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The Other “Faithful Servant”: Uncertainty and Trust during Gabriel’s Conspiracy in Virginia, 1800

Sebastian Jobs


Pages 355 - 376

DOI https://doi.org/10.33675/AMST/2021/2/6


open-access

This publication is distributed under the terms of the Creative Commons License Attribution - NonCommercial - NoDerivatives 4.0.

Creative Commons License


Gabriel’s failed insurrection conspiracy of 1800 is one of the most widely studied slave uprisings in U.S. history. When analyzing slave resistance, historians often assume an automatic sense of freedom-driven solidarity among enslaved people, but the documents we have about Gabriel and his co-conspirators show that trust played an important role in setting up the rebellion. This article focuses on trust as a performance that enabled enslaved people to act out shifting roles before, during, and after the conspiracy. By invoking the rhetoric of masculinity and by practicing everyday social activities (e. g., drinking alcohol), they created a sphere of common solidarity. At the same time, mutual trust had to be acted out by Black informers in order to lend credence to their testimony. They acted as go-betweens and played a major role in foiling the insurrection. The ambiguous function of trust relations helps us to understand how slave insurrections such as Gabriel’s were not merely political but also complex social and cultural events—power served trust as much as trust served power.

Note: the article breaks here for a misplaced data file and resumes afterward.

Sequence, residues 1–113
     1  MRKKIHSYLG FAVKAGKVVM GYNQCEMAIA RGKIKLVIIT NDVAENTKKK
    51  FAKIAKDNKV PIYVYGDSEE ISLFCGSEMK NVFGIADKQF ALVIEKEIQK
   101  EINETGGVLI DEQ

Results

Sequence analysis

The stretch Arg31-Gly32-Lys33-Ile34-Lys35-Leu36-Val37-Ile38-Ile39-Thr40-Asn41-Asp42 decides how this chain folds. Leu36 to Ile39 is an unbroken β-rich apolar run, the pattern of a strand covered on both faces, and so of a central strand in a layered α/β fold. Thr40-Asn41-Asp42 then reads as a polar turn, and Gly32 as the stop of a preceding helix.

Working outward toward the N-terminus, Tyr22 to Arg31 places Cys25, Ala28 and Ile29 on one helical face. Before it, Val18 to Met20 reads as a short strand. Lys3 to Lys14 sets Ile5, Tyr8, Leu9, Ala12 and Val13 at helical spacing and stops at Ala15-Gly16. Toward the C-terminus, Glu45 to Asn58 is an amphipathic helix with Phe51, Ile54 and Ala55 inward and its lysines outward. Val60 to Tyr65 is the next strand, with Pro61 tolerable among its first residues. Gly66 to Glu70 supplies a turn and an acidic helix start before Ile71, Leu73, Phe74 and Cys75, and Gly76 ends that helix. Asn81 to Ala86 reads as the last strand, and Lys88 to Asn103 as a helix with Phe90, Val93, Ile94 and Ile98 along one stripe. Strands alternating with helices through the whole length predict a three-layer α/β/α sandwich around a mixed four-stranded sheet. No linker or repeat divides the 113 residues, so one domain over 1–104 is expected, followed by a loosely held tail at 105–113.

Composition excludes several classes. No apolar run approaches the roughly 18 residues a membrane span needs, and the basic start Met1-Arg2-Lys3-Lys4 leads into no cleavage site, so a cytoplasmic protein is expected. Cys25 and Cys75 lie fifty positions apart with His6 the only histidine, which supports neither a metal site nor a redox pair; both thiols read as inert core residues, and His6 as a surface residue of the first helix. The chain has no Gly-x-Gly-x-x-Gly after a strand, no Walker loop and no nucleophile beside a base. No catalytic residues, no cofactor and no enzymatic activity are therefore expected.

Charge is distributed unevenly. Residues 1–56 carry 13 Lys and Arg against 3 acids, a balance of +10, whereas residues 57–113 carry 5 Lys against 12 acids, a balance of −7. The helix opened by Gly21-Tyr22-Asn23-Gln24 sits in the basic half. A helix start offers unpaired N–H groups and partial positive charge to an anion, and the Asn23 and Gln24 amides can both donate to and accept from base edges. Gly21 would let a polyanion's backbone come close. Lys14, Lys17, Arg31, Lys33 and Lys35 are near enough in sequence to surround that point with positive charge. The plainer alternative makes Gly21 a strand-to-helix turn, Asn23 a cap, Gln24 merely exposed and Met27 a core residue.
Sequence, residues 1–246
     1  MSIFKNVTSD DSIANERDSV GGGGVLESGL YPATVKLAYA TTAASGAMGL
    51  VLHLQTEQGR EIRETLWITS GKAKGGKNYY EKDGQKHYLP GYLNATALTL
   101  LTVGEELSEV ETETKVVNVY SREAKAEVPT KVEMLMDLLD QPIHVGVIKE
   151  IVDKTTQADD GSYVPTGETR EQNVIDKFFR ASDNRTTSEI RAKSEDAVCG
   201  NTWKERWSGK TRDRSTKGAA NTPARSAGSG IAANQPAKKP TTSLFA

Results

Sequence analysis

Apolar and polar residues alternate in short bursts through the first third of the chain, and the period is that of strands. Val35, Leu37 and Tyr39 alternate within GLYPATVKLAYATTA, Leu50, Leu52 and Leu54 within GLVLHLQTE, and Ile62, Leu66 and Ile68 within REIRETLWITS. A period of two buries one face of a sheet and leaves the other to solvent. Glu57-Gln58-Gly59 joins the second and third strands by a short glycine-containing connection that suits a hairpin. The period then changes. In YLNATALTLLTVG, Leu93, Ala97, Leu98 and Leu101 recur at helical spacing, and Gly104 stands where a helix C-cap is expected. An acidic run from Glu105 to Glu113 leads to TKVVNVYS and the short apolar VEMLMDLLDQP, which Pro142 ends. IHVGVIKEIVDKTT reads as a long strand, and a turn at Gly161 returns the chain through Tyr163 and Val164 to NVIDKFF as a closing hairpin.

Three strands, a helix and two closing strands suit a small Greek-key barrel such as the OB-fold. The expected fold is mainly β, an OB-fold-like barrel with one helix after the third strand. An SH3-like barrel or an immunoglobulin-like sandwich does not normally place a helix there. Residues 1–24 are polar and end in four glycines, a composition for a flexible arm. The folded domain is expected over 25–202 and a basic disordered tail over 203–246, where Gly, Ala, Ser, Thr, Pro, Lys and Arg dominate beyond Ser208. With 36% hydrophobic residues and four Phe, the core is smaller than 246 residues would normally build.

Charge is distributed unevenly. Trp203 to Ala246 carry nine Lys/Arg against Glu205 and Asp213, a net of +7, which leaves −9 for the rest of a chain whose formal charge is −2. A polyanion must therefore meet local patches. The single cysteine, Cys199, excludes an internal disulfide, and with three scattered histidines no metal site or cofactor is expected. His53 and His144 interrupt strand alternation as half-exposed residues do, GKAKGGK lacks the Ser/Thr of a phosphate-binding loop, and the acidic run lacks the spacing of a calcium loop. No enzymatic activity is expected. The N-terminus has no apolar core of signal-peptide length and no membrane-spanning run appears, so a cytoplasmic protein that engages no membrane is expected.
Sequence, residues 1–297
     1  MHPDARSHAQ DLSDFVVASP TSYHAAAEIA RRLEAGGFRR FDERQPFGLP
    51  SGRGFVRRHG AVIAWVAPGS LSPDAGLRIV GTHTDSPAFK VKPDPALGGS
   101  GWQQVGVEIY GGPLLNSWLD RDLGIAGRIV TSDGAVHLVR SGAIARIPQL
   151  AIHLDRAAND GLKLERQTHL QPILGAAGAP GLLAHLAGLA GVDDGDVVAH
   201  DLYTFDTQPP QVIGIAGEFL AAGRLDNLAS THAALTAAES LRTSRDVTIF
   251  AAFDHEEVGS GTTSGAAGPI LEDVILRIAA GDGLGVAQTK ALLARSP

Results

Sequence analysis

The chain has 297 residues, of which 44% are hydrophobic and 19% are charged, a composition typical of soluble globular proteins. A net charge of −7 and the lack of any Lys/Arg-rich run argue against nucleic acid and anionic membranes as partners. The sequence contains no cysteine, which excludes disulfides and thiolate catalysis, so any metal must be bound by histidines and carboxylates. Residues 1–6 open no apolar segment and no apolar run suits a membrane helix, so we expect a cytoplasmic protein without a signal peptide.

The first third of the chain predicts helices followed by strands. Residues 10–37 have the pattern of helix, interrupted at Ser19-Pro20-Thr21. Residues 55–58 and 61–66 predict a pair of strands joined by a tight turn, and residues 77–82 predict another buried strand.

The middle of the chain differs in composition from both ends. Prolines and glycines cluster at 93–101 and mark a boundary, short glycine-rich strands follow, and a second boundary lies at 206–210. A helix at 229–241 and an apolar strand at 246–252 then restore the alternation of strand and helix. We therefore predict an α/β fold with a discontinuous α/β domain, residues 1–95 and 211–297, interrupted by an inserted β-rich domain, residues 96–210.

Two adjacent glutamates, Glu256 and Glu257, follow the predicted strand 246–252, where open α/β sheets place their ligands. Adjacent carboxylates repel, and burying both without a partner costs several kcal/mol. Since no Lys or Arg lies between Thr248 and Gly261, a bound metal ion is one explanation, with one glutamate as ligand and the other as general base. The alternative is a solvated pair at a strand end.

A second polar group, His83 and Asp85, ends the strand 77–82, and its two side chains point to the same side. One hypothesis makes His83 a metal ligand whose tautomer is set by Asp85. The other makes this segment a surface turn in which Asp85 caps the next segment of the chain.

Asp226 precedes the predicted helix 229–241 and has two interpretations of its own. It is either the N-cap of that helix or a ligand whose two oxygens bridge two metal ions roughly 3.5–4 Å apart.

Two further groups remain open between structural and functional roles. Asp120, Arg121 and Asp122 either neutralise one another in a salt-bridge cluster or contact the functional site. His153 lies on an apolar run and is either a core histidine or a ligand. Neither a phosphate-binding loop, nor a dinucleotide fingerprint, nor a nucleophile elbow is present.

Keywords: slave rebellion; trust; Gabriel’s Conspiracy; masculinity; resistance

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